The Trials of Progress in the Affordable Care Act

May 21, 2013
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Five months after primary care doctors who treat Medicaid patients were supposed get a big pay raise, most physicians have yet to see it.

While Medicaid fees vary by state, they are generally far below those paid by Medicare and private plans. The change means an average 73 percent average pay increase nationally, according to a 2012 study by the Kaiser Family Foundation (Kaiser Health News is an editorially independent program of the foundation.)

Five months after primary care doctors who treat Medicaid patients were supposed get a big pay raise, most physicians have yet to see it.

While Medicaid fees vary by state, they are generally far below those paid by Medicare and private plans. The change means an average 73 percent average pay increase nationally, according to a 2012 study by the Kaiser Family Foundation (Kaiser Health News is an editorially independent program of the foundation.)

One of the main tenets of the ACA is the assimilation by Medicaid of the eligible uninsured.  In order to attract more physicians who will accept Medicaid CMS, the states have promised to increase reimbursements for physicians who accept Medicaid.

Affordable care act

Stephen Zuckerman, senior fellow at the Urban Institute, said doctors were hesitant to sign on as a result of the pay raise, given that it expires at the end of 2014, and the implementation problems won’t help. “Because of the temporary nature of the pay raise, it was always questionable how many doctors would jump at treating Medicaid patients if they had not done in the past,” he said. “If doctors were tentative before, they still have a reason to be.”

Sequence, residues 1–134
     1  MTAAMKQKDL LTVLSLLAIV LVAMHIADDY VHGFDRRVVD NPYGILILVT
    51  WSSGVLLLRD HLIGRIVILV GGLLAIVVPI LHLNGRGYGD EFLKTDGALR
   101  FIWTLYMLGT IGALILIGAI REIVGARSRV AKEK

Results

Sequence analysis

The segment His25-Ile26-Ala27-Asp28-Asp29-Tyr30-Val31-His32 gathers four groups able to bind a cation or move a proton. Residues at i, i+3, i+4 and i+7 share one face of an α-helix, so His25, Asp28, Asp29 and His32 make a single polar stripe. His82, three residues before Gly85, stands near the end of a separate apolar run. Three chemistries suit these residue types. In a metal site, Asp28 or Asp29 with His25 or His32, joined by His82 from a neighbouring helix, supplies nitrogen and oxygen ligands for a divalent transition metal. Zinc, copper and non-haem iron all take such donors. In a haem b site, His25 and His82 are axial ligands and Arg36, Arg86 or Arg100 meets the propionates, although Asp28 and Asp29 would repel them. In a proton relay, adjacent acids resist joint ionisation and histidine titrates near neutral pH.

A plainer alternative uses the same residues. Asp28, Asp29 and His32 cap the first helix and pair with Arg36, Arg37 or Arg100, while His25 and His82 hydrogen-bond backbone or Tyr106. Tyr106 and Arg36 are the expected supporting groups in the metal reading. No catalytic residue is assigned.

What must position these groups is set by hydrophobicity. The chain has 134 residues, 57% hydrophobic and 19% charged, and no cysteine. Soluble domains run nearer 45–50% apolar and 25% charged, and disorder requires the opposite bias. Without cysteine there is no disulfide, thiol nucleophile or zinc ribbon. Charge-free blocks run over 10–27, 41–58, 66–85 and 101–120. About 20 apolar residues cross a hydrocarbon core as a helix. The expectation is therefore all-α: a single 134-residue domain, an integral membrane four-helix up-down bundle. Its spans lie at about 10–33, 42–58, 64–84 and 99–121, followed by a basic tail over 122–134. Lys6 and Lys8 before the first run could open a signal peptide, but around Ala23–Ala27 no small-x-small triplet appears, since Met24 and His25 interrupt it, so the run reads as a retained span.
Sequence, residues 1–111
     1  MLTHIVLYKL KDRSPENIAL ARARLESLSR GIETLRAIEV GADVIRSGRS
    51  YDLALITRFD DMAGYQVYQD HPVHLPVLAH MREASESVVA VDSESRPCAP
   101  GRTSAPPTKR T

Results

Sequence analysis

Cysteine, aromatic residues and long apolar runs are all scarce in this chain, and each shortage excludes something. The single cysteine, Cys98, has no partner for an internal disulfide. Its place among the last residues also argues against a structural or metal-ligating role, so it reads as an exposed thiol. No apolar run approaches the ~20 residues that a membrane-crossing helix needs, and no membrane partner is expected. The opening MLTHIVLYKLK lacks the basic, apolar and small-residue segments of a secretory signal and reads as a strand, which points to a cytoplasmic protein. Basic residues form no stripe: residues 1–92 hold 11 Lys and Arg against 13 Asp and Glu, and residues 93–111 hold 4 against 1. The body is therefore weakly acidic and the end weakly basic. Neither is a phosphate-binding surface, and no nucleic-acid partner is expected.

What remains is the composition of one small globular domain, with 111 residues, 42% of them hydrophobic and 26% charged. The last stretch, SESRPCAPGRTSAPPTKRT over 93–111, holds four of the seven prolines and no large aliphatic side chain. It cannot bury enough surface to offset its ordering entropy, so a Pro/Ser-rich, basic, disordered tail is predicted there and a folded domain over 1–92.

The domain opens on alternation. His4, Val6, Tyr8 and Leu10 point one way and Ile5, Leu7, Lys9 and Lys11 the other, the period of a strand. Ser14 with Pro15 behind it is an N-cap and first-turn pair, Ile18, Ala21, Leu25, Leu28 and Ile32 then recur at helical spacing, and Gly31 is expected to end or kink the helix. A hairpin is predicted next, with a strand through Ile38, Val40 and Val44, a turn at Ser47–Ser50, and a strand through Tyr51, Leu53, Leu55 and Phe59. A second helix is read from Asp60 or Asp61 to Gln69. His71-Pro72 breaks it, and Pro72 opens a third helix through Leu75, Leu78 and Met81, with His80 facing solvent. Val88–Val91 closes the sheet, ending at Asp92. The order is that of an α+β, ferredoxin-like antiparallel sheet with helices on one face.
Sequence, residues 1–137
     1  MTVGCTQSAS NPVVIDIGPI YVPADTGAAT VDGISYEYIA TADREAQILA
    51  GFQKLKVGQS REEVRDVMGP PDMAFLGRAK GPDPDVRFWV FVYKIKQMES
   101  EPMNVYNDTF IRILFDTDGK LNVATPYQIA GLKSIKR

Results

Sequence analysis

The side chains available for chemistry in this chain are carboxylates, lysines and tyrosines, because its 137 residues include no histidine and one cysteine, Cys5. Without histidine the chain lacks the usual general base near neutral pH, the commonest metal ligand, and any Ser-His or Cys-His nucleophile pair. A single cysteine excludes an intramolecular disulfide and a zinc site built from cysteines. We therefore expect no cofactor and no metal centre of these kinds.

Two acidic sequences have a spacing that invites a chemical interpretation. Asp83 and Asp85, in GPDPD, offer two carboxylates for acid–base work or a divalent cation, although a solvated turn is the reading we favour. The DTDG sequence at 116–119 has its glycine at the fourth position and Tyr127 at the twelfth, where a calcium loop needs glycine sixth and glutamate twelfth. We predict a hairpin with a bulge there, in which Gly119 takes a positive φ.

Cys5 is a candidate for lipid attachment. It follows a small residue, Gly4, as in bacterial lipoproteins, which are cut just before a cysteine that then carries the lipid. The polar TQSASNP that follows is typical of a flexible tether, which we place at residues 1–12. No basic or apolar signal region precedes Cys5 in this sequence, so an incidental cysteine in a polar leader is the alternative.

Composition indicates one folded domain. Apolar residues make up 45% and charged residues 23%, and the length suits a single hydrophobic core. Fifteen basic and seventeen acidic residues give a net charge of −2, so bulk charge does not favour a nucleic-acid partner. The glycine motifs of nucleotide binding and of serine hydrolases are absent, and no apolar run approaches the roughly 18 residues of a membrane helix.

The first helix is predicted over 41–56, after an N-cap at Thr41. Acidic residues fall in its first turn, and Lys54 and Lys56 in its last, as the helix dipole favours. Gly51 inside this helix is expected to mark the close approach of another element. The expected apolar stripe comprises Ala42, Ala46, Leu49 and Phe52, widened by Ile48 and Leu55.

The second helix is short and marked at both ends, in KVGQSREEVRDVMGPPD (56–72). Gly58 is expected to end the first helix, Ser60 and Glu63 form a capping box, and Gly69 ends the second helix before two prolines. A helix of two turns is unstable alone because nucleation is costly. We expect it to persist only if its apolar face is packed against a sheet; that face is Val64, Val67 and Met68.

The federal government’s offer to fund the increase for the first several years leave a very real open question as to how state’s will fund it when the federal subsidy ends.

It does not look promising even before the ACA’s January 2104 timetable kicks in with this delay.  The ACA requires the reimbursement increase for Medicaid in 2014.

Is this a portender to the financial squeezes of the ACA?  The Affordable Care Act only mandates the reimbursement rate if the physician attests to being a primary care provider. Earlier this year, CMS said doctors will be able to get the higher fees retroactively to Jan. 1, when states do implement the provision. But many states have set deadlines for April and May for doctors to self-attest that they are primary care physicians in order to get the retroactive pay. Those that miss the deadline will only receive the pay raise once they fill out a form showing they are licensed as a family doctor, pediatrician or internist.  (Many OB/GYN MDs offer primary care as well.)

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